On our meander down the Caribbean island chain we were originally unsure how far south we would sail until we read about Grenada in the guide books. “Spice Island” as it is nicknamed, was reputed to be stunning, “some people’s idea of an unspoiled Garden of Eden” according to Doyle’s guide. On closer inspection of the map of the island it appeared to have some intriguing frilly bits on the bottom; a series of coves which looked like Norwegian fjiords and seemed to offer anchorage space galore. Added to the other apparent charms of Grenada was Palm Tree Marine, a mechanic who was an authorised Westerbeke agent. We had an urgent problem with the coolant pipe on our Westerbeke generator that needed replacing. We upped anchor and left without delay.
The bays don’t look like Norewegian fjiords, however, but are rather a network of anchorages full of liveaboard yachties with hardly a charter boat to be seen. On arrival we were surprised at how many boats there were in the southern bays. Prickly bay seemed jam packed and the anchorage by Hog Island seemed full, too. Every space seemed to consist of a mooring buoy. We have since discovered that these are unofficial buoys which anyone can take for free, set up by resident live aboard yachties who will only ask a visitor to move if they turn up. The Palm Tree Marine operation was based in a boat yard behind Clarkes’ Court marina in the bay of the same name. We anchored within metres of the marina and boat yard, cheekily close. At first, we were concerned that a massive rusting ferry docked at the boat yard and which seemed to be a floating workshop of some kind would not be able to pass between us and the marina. Luckily the pilots seem to be accustomed to squeezing past tight spaces! We could not have been closer to the marina without actually being in it.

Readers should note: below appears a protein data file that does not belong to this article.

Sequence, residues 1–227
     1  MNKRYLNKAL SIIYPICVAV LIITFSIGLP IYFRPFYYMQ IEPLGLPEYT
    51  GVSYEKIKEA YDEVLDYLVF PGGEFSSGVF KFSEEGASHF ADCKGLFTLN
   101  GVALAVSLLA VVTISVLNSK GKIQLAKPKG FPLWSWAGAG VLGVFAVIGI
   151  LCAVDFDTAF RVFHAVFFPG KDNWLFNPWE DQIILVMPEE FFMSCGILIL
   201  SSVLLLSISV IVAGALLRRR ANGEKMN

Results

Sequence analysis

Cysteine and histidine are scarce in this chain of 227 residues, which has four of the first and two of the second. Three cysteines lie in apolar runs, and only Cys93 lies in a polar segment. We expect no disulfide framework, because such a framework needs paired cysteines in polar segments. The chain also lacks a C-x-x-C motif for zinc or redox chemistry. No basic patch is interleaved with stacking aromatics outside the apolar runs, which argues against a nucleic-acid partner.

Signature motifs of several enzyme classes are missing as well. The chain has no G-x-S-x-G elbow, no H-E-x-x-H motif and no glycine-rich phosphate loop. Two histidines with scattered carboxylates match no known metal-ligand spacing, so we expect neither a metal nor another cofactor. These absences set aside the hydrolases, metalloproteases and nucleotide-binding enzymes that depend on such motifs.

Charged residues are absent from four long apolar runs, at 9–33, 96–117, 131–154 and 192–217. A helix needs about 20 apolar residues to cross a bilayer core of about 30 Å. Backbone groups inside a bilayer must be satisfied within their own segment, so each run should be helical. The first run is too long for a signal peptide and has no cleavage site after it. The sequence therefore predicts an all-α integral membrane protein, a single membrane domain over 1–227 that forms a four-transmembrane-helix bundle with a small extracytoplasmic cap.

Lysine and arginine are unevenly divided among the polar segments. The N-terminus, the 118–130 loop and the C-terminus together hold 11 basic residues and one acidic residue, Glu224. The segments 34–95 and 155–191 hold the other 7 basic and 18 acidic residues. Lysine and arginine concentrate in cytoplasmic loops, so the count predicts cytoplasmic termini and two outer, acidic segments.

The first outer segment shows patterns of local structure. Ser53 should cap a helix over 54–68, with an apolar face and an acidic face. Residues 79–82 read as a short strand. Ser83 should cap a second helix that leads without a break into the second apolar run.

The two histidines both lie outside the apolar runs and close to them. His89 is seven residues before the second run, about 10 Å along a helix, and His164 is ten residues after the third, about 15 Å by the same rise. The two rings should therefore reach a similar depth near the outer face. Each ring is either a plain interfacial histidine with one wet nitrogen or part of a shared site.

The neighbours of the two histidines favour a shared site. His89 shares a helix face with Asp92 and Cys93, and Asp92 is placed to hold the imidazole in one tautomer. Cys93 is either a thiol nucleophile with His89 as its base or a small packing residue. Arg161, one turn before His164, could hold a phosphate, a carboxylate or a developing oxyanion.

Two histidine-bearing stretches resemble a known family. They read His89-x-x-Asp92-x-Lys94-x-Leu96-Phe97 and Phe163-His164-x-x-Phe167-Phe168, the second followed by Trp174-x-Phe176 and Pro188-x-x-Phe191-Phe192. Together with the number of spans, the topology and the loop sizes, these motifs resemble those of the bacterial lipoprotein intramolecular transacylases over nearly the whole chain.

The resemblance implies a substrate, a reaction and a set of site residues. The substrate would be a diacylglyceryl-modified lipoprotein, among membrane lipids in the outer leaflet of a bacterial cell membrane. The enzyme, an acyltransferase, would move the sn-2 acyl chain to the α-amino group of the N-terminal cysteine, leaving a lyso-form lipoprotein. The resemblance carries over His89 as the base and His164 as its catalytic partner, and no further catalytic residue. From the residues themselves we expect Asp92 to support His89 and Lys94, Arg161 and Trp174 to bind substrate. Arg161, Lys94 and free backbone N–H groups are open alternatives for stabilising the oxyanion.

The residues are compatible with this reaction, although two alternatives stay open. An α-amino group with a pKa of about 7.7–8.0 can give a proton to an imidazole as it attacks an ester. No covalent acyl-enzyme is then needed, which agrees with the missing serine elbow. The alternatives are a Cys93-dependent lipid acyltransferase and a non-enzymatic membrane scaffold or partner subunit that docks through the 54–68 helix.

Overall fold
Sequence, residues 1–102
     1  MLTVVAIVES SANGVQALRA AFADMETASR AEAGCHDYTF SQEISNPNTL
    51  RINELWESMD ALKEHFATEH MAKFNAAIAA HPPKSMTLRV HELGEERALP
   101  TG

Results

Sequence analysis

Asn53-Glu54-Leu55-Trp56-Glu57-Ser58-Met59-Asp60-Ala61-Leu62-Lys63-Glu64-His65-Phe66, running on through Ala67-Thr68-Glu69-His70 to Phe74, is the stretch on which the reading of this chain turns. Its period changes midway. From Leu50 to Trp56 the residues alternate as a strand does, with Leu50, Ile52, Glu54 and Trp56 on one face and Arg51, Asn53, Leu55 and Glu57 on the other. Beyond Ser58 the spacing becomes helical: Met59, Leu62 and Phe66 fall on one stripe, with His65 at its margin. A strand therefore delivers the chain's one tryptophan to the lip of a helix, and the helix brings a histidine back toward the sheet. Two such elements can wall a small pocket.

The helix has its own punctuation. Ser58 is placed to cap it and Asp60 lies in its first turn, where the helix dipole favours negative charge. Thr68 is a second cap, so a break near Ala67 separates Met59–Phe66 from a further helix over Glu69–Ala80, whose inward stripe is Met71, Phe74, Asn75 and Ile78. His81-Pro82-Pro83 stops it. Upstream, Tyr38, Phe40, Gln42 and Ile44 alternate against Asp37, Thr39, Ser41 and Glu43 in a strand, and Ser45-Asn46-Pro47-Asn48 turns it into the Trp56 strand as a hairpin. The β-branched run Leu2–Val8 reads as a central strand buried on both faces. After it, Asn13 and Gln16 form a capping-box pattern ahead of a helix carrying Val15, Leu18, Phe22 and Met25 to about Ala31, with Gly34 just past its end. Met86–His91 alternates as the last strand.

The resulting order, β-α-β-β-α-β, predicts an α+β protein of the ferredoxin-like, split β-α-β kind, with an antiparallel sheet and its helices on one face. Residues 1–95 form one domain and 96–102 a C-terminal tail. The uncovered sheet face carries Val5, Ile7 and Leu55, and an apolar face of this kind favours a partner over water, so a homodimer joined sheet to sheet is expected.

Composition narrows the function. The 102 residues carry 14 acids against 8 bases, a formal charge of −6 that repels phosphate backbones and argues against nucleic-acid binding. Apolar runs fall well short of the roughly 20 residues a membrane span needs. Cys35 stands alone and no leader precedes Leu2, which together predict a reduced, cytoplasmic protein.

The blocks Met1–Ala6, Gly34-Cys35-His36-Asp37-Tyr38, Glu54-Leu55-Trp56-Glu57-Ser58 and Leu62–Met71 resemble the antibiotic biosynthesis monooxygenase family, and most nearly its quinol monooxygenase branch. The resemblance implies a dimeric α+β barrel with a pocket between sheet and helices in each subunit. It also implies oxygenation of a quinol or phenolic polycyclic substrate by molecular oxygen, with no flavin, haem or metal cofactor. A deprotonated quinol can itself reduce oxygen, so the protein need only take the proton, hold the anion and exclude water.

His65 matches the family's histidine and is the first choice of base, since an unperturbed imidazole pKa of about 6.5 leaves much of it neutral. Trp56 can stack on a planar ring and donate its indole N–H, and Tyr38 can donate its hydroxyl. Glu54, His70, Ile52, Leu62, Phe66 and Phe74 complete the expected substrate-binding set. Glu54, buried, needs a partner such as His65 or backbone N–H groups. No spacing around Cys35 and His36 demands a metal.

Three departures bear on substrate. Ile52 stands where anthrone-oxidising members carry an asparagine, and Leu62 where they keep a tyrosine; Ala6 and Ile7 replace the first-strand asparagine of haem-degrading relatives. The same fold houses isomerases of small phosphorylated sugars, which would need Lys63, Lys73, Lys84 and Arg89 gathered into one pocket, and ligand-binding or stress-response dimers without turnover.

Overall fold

When we first put down the anchor, we were planning to stay for a few days but didn’t imagine that it would become our home for three weeks! We quickly discovered that Grenada is extremely seductive to live aboard yachties. A quick whizz around the extended bay showed us a surprising sight; boats which were floating homes which had apparently not left their mooring for months or years. There are some boats which are fastened firmly in the mangroves and in the process of being reclaimed by nature, some obviously abandoned, some still afloat and inhabited but covered in marine life. The Clarkes Court connected bays as they are called, are beautifully sheltered, especially by Hog Island, and as the island is out of the hurricane zone, many people return here year after year and some never leave.
We soon discovered how friendly the island is. A day in the marina and both marina manager, Richard and Chandlery owner, Alan had spent a couple of hours chatting away with us, telling us why they loved the island, how welcoming and safe it is to live here, giving us all sorts of practical advice and letting us know about the local watering holes and bus services. There is a daily radio net on channel 68 every morning at 7.30am which gives details of social events going on every day along with services and “treasures of the bilge”. Far from being pestered by pushy vendors harassing us to buy overpriced fish and bread, here there is a little infrastructure of services organised by the yachtie community themselves. Everybody we met in the boat yard lived on a boat. After chatting a little to folk in the marina we got a glowing reference for Driftwood, a carpentry and general boat maintenance service. We had some water damage to the bottom of our fridge that we had always intended to have fixed. Meeting Stefan and Remi from Driftwood we were quickly impressed by them. They both lived on board a boat themselves and were passionate about sailing and boat building. We had to extend our stay to get them to do work on the Princess as we had arrived just before the annual Sailing week, and the whole Driftwood team were sailing for most of that week on board a beautiful 1920s Swedish boat, Galatea, a metre style boat which was the pride and joy of the Driftwood co-founder, Judd. We had a ring side seat watching them get Galatea up to speed in the days leading up to sailing week.